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Tuesday, July 05, 2005

A Constitutional Inability to Feel Your Pain 

Via our august colleague Pissed-Off Patricia of BlondeSense: Gold Star Mom Cindy Sheehan spoke recently at Rep. John Conyers's informal hearings into the Downing Street minutes. Two months after her son's death in April of 2004 she was invited to a private audience at the White House, and her account of that event suggests why the President's handlers, in their indisputable wisdom, have not so far allowed him to attend the funeral of a single serviceperson slain in Iraq:
Instead of a kind gesture or a warm handshake, Sheehan said she immediately got a taste of Bush arrogance when he entered the room and "in a condescending tone and with a disgusting loud Texas accent," said: "Who we’all honorin’ here today?" . . . .

Sheehan said the June 2004 private meeting with the President went from bad to worse to a nightmare when Bush acted like he didn’t even want to know her name. She said Bush kept referring to her as ‘Ma’ or ‘Mom’ while he "put on a phony act," saying things like ‘Mom, I can’t even imagine losing a loved one, a mother or a father or a sister or a brother.’

"The whole meeting was simply bizarre and disgusting, designed to intimidate instead of providing compassion. He didn’t even know our names," said Sheehan. "Finally I got so upset I just looked him in the eye, saying ‘I think you can imagine losing someone. You have two daughters. Imagine losing them?’ After I said that he just looked at me, looked at me with no feeling or caring in his eyes at all."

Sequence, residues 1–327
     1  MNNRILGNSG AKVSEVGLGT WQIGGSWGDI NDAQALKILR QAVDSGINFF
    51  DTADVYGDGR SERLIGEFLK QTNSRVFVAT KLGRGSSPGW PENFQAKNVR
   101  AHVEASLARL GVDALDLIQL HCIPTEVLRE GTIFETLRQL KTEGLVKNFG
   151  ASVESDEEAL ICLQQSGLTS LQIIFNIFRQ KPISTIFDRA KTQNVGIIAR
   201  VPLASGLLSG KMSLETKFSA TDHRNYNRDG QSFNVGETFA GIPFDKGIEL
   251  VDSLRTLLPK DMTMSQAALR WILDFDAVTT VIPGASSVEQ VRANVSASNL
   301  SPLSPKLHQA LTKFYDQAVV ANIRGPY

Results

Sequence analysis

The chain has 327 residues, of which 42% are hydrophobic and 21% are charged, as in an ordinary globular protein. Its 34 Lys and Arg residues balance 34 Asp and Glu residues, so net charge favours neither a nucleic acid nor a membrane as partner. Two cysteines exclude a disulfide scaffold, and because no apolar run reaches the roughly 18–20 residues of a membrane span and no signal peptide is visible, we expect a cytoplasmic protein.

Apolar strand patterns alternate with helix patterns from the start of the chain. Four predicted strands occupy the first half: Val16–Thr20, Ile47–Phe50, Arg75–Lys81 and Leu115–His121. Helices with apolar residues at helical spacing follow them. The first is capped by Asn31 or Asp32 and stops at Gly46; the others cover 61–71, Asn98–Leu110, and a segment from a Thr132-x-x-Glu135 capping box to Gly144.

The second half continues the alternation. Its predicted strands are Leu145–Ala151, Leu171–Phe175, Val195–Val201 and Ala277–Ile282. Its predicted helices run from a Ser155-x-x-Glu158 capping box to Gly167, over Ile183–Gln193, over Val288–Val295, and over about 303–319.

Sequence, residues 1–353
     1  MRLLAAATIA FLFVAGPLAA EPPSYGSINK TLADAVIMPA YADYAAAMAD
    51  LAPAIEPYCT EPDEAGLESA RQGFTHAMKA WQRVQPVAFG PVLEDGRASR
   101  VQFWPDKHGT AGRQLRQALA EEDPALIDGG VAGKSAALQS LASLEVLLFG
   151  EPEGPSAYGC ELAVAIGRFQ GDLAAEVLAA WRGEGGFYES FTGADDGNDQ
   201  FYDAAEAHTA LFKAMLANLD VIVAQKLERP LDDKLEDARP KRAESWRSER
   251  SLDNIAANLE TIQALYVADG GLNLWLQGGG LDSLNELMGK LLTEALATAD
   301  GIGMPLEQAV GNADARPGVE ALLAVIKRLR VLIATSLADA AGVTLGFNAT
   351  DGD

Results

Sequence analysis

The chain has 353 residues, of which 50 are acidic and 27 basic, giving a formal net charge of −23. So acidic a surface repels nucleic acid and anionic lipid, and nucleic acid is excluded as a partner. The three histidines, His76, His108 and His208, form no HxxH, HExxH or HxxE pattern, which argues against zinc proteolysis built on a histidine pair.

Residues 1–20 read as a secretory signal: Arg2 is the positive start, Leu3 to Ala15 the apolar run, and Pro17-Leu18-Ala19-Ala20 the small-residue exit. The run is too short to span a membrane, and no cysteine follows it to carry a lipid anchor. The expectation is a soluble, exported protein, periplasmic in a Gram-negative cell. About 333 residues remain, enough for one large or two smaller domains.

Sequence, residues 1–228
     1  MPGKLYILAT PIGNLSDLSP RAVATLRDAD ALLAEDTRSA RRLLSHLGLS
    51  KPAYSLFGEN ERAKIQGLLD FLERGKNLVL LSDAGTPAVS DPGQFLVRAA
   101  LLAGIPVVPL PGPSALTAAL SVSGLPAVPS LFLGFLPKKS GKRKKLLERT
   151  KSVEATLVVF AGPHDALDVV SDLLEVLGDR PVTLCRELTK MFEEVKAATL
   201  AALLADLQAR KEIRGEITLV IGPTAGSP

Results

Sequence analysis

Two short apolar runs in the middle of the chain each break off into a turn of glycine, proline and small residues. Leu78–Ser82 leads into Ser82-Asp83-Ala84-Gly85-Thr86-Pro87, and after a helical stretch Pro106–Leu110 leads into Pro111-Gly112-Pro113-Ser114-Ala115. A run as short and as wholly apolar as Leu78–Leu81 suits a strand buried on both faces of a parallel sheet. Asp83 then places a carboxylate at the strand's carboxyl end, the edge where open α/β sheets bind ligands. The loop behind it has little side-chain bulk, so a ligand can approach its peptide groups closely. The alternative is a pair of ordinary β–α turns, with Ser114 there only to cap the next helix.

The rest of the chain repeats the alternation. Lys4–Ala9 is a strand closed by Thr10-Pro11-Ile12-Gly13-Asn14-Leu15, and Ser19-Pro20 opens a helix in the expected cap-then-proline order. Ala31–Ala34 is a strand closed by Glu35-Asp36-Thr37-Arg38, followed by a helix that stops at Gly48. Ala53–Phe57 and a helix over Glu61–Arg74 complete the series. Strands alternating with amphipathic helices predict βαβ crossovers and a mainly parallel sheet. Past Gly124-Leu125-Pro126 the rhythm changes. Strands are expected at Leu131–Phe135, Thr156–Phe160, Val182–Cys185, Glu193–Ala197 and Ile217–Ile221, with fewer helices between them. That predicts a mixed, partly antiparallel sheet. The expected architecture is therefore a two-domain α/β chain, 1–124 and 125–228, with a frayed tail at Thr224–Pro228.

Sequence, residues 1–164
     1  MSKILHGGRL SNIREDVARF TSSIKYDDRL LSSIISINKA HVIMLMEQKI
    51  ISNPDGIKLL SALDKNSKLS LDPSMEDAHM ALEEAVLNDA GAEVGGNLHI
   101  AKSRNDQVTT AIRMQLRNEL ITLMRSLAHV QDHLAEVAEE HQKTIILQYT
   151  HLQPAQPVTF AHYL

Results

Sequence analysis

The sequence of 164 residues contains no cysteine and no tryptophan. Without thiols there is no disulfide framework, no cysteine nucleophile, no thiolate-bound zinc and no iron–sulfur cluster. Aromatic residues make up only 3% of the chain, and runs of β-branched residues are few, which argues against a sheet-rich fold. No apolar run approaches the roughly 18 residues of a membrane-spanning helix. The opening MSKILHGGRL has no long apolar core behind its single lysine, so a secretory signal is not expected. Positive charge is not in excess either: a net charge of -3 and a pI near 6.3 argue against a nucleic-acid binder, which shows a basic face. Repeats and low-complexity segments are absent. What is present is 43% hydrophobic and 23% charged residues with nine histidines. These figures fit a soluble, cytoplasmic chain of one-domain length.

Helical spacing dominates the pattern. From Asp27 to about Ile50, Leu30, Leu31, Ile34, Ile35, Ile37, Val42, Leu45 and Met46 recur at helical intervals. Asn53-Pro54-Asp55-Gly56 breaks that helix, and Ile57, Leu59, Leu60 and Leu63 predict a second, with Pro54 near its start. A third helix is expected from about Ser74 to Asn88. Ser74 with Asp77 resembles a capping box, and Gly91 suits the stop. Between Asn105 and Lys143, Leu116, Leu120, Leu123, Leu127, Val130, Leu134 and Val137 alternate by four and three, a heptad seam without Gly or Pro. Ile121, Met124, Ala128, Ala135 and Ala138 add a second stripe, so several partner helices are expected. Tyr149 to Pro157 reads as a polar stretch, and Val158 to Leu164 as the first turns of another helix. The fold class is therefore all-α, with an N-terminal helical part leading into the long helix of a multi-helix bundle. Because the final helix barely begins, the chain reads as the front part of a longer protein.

Sheehan said what really upset her about the meeting is that Bush appeared to become annoyed and even angry at her daughter Carley, 25, who also attended the White House get-together.

"My daughter said to him directly ‘I wish I could bring my loved one back’ and he said something like ‘so do we.’ Later she told me that after he made his remark he gave her one of the filthiest looks she had ever had gotten in her life.

"I just couldn’t believe this was happening. It was so surreal and bizarre. Later I met with some of the other 15 or 16 families who were at the White House the same day and, sure enough, they all felt the same way I did.

"It’s interesting that they put us each in separate rooms. I heard this was done to prevent any type of group outburst and since it’s easier to control a situation when people are separated. Looking back, all I can say is that the meeting with Bush was one of the most disgusting experiences in my life."

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